“If one can isolate the mass, allow no free thinking, no free exchange, no outside corrective, and can hypnotize the group daily with noises, with press and radio and television, with fear and pseudo-enthusiasms, any delusion can be instilled. People will begin to accept the most primitive and inappropriate acts.”
When we consider the incredible changes taking place in our society and culture, coupled with the demands that contrarian voices be silenced — especially on college campus — we are right to worry that in our socially networked, always-connected world we have likely entered an era of mass delusion. Unfortunately, once mass delusion sets in Meerloo warns that it is quite hard to eradicate.
“Delusions, carefully implanted, are difficult to correct. Reasoning no longer has value; for the lower, more animal type of thinking becomes deaf to any thought on a higher level. If one reasons with a totalitarian who has been impregnated with official clichés, he will sooner or later withdraw into his fortress of collective totalitarian thinking. The mass delusion that gives him his feelings of belonging, of greatness, of omnipotence, is dearer to him than his personal awareness and understanding.”
When you read that paragraph, is there a particular movement that comes to mind? Is it fair to see similar behavior amongst some of the more strident “social justice warriors” who demand that you agree with them and refuse to allow the free exchange of ideas on college campuses?
Consider his description of the delusional totalitarian and the intelligentsia in higher education:
“One of the most coercive delusions is the explanation delusion, the need to explain and interpret everything because the person has a simple ideology in his pocket … The quack, for instance, with his gesture of omniscience pushes his victim into a kind of nothingness so that he feels himself become smaller and smaller in relation to the great mysteries of the world. It is this compulsive need to be the wise guy and the magician who knows all the answers that we so often find in the totalitarian world…
It is among the intelligentsia, and especially among those who like to play with thoughts and concepts without really taking part in the cultural endeavors of their epoch, that we often find the glib compulsion to explain everything and to understand nothing. Their retreat into intellectual isolation and ivory-tower philosophy is a source of much hostility and suspicion from those who receive the stones of intellectualism instead of the bread of understanding.”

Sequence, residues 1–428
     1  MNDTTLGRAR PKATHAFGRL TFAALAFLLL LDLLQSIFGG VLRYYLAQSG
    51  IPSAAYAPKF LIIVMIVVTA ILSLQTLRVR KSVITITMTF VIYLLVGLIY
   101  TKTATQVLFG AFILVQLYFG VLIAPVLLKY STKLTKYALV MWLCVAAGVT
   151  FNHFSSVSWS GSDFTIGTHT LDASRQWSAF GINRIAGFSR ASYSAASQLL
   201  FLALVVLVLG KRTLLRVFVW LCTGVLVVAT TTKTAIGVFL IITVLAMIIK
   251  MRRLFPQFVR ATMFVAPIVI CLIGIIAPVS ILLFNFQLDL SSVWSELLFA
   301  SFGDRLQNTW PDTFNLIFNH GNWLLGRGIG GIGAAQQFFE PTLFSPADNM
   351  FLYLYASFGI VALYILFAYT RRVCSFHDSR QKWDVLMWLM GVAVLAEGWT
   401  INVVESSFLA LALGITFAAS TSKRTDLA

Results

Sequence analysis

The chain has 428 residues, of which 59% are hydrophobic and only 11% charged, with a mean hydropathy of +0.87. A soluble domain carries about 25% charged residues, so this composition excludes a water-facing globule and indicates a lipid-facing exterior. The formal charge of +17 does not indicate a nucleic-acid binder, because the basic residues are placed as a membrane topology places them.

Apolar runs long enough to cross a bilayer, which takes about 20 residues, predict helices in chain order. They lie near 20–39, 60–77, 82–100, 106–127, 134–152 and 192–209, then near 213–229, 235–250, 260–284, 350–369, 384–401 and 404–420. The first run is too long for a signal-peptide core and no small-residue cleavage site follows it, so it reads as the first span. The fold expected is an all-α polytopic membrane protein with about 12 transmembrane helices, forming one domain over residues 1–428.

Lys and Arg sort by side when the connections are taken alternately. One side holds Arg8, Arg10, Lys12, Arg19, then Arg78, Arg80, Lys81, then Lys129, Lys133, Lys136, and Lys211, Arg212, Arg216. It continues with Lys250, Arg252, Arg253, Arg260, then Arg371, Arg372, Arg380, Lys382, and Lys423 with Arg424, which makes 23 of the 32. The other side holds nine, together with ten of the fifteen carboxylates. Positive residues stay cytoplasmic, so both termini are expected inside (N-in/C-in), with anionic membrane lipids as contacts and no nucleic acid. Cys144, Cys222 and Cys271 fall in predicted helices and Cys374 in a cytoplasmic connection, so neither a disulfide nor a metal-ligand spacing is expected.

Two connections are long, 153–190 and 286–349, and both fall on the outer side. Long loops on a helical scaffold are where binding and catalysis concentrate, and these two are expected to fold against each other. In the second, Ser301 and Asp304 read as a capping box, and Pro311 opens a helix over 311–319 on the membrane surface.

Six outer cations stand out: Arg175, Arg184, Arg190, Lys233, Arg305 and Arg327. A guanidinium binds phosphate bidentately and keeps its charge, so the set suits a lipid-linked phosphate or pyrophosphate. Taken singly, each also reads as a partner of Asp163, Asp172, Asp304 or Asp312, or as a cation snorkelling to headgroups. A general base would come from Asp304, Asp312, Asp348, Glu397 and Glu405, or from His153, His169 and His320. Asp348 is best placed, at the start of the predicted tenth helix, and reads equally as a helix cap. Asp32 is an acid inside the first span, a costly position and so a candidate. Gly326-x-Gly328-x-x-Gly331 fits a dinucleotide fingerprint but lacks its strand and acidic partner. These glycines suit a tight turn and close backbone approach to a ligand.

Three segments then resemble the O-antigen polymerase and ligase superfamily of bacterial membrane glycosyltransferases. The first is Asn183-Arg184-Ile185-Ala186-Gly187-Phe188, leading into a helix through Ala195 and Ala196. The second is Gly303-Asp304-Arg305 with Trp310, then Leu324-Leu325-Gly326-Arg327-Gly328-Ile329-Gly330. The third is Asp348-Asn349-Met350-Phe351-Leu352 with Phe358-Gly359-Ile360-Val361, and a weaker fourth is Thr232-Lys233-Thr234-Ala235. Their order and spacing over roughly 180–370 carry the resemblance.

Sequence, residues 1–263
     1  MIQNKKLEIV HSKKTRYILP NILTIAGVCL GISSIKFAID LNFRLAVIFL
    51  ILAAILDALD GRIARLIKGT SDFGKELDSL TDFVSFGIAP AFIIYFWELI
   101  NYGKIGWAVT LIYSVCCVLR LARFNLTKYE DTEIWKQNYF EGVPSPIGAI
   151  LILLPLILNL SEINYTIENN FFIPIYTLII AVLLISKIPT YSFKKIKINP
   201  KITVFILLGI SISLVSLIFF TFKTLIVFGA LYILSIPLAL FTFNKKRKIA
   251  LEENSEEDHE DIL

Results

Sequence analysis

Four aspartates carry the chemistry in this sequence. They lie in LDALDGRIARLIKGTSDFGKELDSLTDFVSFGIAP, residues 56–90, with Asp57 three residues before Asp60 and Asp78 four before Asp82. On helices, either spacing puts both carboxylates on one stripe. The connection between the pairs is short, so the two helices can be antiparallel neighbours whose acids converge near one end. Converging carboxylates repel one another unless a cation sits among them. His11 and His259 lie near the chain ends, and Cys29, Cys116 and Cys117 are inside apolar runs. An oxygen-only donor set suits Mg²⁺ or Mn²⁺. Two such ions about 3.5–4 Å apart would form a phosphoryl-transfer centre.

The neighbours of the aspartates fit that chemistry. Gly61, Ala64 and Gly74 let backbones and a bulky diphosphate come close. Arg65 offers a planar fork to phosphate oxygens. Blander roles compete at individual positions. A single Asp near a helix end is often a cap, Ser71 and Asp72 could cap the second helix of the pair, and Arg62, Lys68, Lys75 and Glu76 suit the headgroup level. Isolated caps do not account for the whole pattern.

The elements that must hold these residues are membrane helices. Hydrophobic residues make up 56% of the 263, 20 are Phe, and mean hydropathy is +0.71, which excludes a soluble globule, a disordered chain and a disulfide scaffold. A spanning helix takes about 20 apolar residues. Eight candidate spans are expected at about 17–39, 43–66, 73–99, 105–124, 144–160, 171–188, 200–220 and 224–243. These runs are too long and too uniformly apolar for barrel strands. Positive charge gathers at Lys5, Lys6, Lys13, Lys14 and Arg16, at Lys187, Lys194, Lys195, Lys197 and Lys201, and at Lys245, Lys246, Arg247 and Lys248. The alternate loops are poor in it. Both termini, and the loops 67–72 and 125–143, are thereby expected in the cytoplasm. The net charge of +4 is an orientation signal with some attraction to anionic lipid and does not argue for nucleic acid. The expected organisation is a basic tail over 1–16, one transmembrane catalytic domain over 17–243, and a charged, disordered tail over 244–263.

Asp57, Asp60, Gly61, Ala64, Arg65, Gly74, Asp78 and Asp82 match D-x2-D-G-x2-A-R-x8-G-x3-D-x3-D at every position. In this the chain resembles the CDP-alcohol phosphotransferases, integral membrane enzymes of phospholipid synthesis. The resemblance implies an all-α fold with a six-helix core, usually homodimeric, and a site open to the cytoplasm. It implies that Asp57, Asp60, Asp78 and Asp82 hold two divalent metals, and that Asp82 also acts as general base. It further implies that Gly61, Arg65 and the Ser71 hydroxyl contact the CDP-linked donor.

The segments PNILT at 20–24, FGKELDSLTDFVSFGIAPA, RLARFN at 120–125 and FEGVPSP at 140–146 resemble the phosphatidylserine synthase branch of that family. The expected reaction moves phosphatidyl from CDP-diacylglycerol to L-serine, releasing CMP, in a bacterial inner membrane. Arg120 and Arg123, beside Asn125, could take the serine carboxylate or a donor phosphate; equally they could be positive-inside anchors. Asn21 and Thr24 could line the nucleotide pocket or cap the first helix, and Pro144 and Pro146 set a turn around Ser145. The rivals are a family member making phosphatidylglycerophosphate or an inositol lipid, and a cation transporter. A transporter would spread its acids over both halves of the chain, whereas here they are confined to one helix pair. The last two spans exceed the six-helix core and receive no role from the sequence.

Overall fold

How much of the cultural upheaval we’ve seen in the last decade emanated from America’s colleges and universities? Did the intelligentsia initiate a generation or two of Americans into a worldview that rejects the West’s traditional understanding of the world and an objective reality?
The warnings are clear that mass delusion can be instilled in a population if like-minded ideologues control education, media, and entertainment. While Meerloo believes it is difficult to eradicate mass delusion once it spreads throughout a population, he does give some ideas for how the individual can fight it.
“We cannot prevent one mental contagion through enforcing another. The only way we can give man the strength to withstand mental infection is through giving him the utmost freedom in the exchange of ideas. People have to learn to ask questions without demanding that they be answered immediately. The free man is the man who learns to live with problems in the hope that they will be solved sometime — either in his own generation or the next. Man’s curiosity and inquisitiveness have to be stimulated.
We have to fight man’s growing fear of thinking for himself, of being original, and of being willing to fight for what he believes in. On the other hand, we also have to learn to resist ideas. Governments may be overthrown not only by physical violence, but also by mental violence, by suggestive and menticidal penetration of young minds, by rigid conditioning, regimentation, and prohibition of dissent.”
Quite often we hear that we are free because of our troops. In a few cases that is true, but ultimately your freedom rests with you. Are you willing to dissent? Are you willing to call out the mass delusion that seems to be spreading throughout our culture? This fight for our culture and country rests on all of our shoulders. Remember, courage isn’t the lack of fear. Rather, it is doing what is right despite your fear.